"Enter a world of zither and guitar music..."
Etienne de Lavaulx
This delightful instrument became very popular from the late 1800s to the mid to late 1900s.
The Chord-Zither is sometimes known as Mandolin-Guitar or Guitar Zither.
Around 1870 some German settlers in America set out to design an instrument which would be easy to play, using numerical notation, and easy to manufacture. Soon, chord zithers were mass-produced and exported all over the world.
In Australia, door to door salesmen took these instruments to every corner of the country, offering tuition in the form of a correspondence course. Thousands were sold, mainly during the 20s and 30s, when they became known as “the poor man’s piano”.
Many people still have one hidden away in their attic, often in its box, complete with music sheets, hammer and picks.
THE AUTO HARP
Very popular in America
Similar origin as the Chord-Zither
THE CONCERT ZITHER
Traditional German and Austrian instrument
Made famous by the Third Man’s Theme
To begin, let us define a zither: it is an instrument consisting of a sound box with strings running parallel to it without extending beyond it. Zithers constitute a vast family of instruments.
A well-known member is the “Concert Zither”, of German/Austrian origin, which is fretted and has a series of bass strings. It was made famous by the theme from “The Third Man”. The concert zither must not be confused with the chord-zither, a more recent innovation.
During the late 1800’s, a group of unusual instruments began to appear in America. Sometimes called combination instruments, these were intended to be easier to play even by the layman as opposed to the classical instruments, which required years of practice to learn. There was the “Ukelin”, the “Dolceola”, the “Harmolin”, the “Apollo Harp”, the “Autoharp”, the “Violin Zither” and many more… The chord-zither was one of them. Often designed by German immigrants, these instruments were first patented, then mass produced and sold door to door, or through catalogues, (Eg: Sears and Roebuck).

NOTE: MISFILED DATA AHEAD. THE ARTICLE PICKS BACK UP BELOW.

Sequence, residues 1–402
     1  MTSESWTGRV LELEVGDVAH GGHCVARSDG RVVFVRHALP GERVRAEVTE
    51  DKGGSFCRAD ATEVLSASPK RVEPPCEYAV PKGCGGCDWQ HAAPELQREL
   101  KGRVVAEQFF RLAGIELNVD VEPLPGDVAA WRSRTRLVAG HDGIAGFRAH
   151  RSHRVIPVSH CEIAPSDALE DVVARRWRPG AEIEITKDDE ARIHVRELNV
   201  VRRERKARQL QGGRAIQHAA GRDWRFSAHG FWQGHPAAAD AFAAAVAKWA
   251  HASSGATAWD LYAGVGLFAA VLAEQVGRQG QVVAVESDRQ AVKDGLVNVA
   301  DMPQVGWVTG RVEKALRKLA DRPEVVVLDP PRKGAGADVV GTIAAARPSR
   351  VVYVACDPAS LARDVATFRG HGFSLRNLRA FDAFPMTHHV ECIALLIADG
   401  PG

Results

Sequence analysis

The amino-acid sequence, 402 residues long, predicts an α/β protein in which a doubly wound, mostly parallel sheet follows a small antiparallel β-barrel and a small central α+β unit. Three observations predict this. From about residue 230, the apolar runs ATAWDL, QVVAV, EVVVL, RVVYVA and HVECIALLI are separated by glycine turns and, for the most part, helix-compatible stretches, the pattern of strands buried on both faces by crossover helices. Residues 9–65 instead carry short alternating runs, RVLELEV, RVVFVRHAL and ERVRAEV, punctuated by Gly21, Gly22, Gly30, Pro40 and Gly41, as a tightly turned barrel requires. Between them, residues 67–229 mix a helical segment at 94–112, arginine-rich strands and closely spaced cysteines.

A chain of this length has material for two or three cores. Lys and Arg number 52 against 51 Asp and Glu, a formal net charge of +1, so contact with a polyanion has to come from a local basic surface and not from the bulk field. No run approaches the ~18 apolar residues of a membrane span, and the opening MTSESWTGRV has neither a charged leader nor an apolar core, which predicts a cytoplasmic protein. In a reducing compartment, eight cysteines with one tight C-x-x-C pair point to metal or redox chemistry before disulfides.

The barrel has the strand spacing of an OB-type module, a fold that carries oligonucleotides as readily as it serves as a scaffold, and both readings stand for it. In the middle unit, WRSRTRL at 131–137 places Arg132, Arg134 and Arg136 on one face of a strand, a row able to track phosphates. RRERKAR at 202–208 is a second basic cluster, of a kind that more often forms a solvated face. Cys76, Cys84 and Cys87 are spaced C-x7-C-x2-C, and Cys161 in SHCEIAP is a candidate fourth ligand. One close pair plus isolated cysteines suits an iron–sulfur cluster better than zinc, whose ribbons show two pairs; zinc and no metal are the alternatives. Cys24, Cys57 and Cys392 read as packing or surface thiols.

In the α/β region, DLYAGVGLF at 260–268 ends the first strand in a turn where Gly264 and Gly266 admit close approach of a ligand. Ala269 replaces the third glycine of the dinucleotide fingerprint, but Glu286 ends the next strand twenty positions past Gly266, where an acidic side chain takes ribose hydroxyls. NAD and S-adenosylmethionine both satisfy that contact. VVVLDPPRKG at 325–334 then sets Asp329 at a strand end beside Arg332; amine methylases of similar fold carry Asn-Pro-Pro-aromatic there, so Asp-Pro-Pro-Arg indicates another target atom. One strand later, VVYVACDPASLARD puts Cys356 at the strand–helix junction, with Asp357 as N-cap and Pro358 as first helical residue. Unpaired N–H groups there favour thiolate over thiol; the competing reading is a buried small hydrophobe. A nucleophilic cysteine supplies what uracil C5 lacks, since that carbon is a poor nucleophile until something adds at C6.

Most of them are no longer played but can be seen in museums, or found in antique stores or attics. One, which stands out, is the Autoharp, which holds an important place in folk music especially in America.
The one closest to my heart, however, is the chord-zither. After the boom years of the early to mid 1900’s, when chord-zithers were being made and sold throughout the western world, their popularity declined.
The chord-zither can have many names such as “Columbia Zither”, “Mandolin Guitar”, “Guitar Zither” or “Jews Harp”. It is played on one’s lap or on a table: a melody is plucked by the right hand while the fingers of the left hand strum across pre-tuned chords.
Many chord-zither players follow dots and numbers printed on a melody card placed under the strings. This system provides rapid results, but I believe it is underestimating the instrument’s potential.
I have developed my own method of playing.
Over the years, I gradually altered the original tuning until I could play the type of music I wanted and designed a system of diamonds and dots to identify the strings as an alternative to the markings on the instrument.
I believe the chord-zither could be learnt by a growing number of people, especially by those seeking to learn a musical instrument later in life. A musical background is not necessary, and there is no need for great dexterity.
One can no longer buy a new chord-zither in Australia. They were taken off the shelves when the manufacturer, an East German company had to raise their prices as a result of German re-unification in 1989.
However, old zithers turn up in antique shops, or at sales. Many people have kept their instrument under a bed or on top of an old wardrobe, unused…
Alternatively, one can build one’s own instrument relatively easily.
It is my hope that the era of the chord-zither is just beginning.
In an age of shortcuts, it provides us with an achievable musical goal, and in the ever-increasing complexity of life, it remains an object of simplicity and harmony.